This example, okay? We've got three bidders with ten, five,

one being the R's, . And three ad spaces with five, three, one

as the click through rates. So before we forget, let's write those

down, okay? Ten, five, one.

And five, three, one, okay? So now let's finish the discussion of this

example. What kind of bidding will they provide?

Let's assume they do truthful bidding. The keyword is assume.

We'll later come back to why this is not in generally in channel two.

But assuming that they do truthful bidding, then their bids are exactly ten,

five, one, respectively out of the three buyers.

Okay. So, in that case, we know exactly how much

they'll bid. They'll bid $50, and $30, and $ten for the

three ad spaces by the first user. The second user will bid five x five, $25,

fifteen, and $five for the three s-, ad spaces.

The third one will bid five, three, one for the three ad spaces.

Those are the bids. Okay?

50, 30, ten. 25, fifteen.

Five and 531. And the allocation is simple.

Okay, first one get this one, second get this one, third one get this one.

What about the charging? So the charging basically is that the

first one would be charged by this. It's 25 clicks, dollars per click.

Second one will be charged by The bidder, the bid from the third, bidder, on the

second space. So it would be charged three.

The last one would be charged the very small minimum, which is.5 in this case.

Okay? These are in dollar amounts.

Per click. So now we can take look at the revenue.

So, Google collects the following revenue: which is 25 from the first bidder, three

from the second, and .5 from the third, which is $28.5.

And then the payoff to the buyers. The three buyers.

So have to make three calculations. Remember, a payoff u equals valuation v

minus price p. So, for the first one, you've got the,

ties the spot. So, your valuation, 'tis ten.

Subtract the price you pay, which is five per click, equals five per click.

Or equivalently. $Five per click times five clicks per hour

on average is $25 per hour. And the second bidders payoff is $five

minus one. That's your valuation and that's the price

you pay. So what you get is $four that's per click.

Which translates into $four times three clicks per hour, that is $twelve per hour.

Finally, the third one your valuation for the third ad space that you received is

one and the price you pay is the minimum. So the payoff is half a dollar per click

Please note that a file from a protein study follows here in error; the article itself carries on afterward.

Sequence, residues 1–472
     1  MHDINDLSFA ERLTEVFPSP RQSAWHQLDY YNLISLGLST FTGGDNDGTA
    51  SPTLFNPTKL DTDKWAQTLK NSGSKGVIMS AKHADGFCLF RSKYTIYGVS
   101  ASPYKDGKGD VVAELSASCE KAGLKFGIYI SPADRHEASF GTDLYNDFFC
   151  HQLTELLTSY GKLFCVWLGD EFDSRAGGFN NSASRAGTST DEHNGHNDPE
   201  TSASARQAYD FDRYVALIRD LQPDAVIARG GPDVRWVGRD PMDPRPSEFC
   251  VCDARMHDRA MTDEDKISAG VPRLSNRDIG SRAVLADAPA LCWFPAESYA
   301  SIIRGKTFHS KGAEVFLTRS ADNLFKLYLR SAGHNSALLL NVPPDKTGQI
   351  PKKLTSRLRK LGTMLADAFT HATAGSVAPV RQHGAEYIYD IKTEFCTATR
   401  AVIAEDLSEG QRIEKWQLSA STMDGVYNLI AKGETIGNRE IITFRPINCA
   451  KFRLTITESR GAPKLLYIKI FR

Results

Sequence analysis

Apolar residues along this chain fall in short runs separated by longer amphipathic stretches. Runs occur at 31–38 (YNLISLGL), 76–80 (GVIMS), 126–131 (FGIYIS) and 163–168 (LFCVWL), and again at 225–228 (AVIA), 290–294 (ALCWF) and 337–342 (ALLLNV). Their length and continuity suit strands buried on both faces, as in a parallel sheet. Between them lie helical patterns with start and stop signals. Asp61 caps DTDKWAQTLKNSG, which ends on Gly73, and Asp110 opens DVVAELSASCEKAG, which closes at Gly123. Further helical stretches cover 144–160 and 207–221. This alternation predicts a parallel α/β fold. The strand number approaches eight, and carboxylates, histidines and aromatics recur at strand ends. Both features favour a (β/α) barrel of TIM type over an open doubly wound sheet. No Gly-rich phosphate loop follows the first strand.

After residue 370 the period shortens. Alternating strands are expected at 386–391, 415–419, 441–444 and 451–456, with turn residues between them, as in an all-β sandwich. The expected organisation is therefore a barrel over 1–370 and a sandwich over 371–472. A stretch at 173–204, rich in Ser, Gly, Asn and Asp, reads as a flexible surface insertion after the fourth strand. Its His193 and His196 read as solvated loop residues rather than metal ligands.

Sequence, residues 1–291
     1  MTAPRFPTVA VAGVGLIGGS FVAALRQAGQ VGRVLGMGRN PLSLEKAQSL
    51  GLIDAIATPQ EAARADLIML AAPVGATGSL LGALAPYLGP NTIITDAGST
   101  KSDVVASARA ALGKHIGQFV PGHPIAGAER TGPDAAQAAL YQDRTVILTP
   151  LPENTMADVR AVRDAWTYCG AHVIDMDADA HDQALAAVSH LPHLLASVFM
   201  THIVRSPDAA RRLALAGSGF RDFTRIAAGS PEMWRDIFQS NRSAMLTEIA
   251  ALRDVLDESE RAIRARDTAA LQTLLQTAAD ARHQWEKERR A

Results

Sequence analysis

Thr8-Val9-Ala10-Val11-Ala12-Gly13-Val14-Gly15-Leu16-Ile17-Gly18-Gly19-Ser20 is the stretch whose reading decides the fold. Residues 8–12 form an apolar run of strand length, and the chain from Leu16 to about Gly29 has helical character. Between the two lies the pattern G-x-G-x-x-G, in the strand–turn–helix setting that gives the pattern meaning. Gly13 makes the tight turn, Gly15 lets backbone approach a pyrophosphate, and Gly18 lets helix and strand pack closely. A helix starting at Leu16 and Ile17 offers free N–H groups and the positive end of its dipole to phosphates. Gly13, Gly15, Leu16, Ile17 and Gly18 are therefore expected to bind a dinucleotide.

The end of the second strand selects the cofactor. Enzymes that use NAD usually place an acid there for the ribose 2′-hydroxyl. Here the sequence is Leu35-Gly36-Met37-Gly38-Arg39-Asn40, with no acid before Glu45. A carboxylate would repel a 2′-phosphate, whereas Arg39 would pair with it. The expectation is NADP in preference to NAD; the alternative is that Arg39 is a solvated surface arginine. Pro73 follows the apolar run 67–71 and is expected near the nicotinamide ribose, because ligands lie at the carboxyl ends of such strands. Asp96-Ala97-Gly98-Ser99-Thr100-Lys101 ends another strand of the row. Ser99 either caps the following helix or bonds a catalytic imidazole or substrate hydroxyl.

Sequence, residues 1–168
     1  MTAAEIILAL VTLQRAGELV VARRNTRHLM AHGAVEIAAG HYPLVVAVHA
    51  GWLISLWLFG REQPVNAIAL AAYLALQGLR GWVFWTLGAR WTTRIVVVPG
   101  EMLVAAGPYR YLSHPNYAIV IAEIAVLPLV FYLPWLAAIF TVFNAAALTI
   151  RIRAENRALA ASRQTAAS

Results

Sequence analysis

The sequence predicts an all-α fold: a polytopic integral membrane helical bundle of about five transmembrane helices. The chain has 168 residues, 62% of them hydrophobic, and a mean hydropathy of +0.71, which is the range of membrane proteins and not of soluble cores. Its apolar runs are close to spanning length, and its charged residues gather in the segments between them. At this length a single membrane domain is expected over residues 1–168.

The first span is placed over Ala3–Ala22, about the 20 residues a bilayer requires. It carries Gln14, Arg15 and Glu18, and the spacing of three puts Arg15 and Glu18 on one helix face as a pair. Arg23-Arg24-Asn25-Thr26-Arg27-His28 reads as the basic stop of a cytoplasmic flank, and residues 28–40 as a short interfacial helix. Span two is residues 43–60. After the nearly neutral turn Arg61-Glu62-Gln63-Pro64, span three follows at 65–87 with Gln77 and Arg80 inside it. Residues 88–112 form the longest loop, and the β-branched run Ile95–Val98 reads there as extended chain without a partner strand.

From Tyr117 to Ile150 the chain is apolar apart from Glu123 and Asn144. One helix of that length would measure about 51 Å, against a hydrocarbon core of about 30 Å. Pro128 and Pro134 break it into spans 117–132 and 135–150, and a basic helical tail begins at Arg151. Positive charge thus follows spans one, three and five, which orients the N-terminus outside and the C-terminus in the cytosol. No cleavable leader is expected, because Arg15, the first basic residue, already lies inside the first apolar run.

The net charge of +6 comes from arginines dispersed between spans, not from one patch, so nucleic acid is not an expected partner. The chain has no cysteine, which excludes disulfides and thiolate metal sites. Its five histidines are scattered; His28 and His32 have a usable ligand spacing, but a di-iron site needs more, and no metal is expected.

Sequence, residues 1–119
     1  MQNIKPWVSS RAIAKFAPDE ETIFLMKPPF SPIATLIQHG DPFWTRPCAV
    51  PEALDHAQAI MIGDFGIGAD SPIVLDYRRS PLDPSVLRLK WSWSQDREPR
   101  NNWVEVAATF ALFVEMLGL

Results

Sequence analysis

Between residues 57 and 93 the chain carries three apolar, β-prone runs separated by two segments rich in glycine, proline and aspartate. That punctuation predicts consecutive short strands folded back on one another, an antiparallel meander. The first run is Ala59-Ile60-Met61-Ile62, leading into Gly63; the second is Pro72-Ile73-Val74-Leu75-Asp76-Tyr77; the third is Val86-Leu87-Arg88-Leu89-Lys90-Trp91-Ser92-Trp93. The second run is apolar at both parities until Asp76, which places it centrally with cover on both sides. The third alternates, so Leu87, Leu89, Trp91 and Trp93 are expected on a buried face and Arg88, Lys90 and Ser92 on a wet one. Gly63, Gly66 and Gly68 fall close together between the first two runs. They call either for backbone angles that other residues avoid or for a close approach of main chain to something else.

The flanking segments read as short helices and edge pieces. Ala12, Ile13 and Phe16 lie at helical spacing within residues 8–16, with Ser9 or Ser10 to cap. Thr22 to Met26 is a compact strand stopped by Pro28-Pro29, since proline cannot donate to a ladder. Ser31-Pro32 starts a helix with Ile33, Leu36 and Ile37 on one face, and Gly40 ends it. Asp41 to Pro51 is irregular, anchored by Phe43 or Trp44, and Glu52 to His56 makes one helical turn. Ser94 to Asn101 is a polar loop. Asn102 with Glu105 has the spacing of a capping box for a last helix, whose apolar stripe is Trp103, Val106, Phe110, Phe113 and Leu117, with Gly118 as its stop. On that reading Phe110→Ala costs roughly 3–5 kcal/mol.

which translates into half a dollar per click times one click per hour which is

half a dollar per hour. So the total payoff is $25 per hour for

the first bidder, +12for the second bidder, + half for the third bidder, which

is 37.5. And this is in per hour, just like here,

per hour, cuz it reflects both. The payoff per click and the expected

number of clicks per hour. So this is how much Hugo is receiving in

the revenue and this is how much net happiness payoff is received by the three

bidders all together. So you may think GSP sounds pretty good.

It's pretty simple to explain the allocation and the charging, and as long

as we can assume they do truthful bidding seems to be a pretty efficient allocation

system except we cannot assume that people will do truthful bidding, 'kay?

So here's a very simple example. I can write it in the margin of the slide.

Let's say there are, there's two ad spaces.

The top one get 400 clicks per hour. The next one gets 300 clicks per hour.

Okay, both are pretty powerful but the first one it's lightly better.

And there are three bidders, one, two and three.

Their valuation which is the number of dollars per click expected is $twelve,

$eight and $four respectively. Now, let's say, what should the first

bidder do? Let me think.

Well, maybe she should bid a truthful bidding.

So, she should bid twelve, or equivocally twelve times 400 for the first spot,

twelve times 300 for the second spot. But, actually, if that's what she does.

Okay. She's going to win the first spot.

And the valuation in that case or the payoff, I'm sorry, in that case, is the

valuation twelve minus the price you pay, just by GSP eight.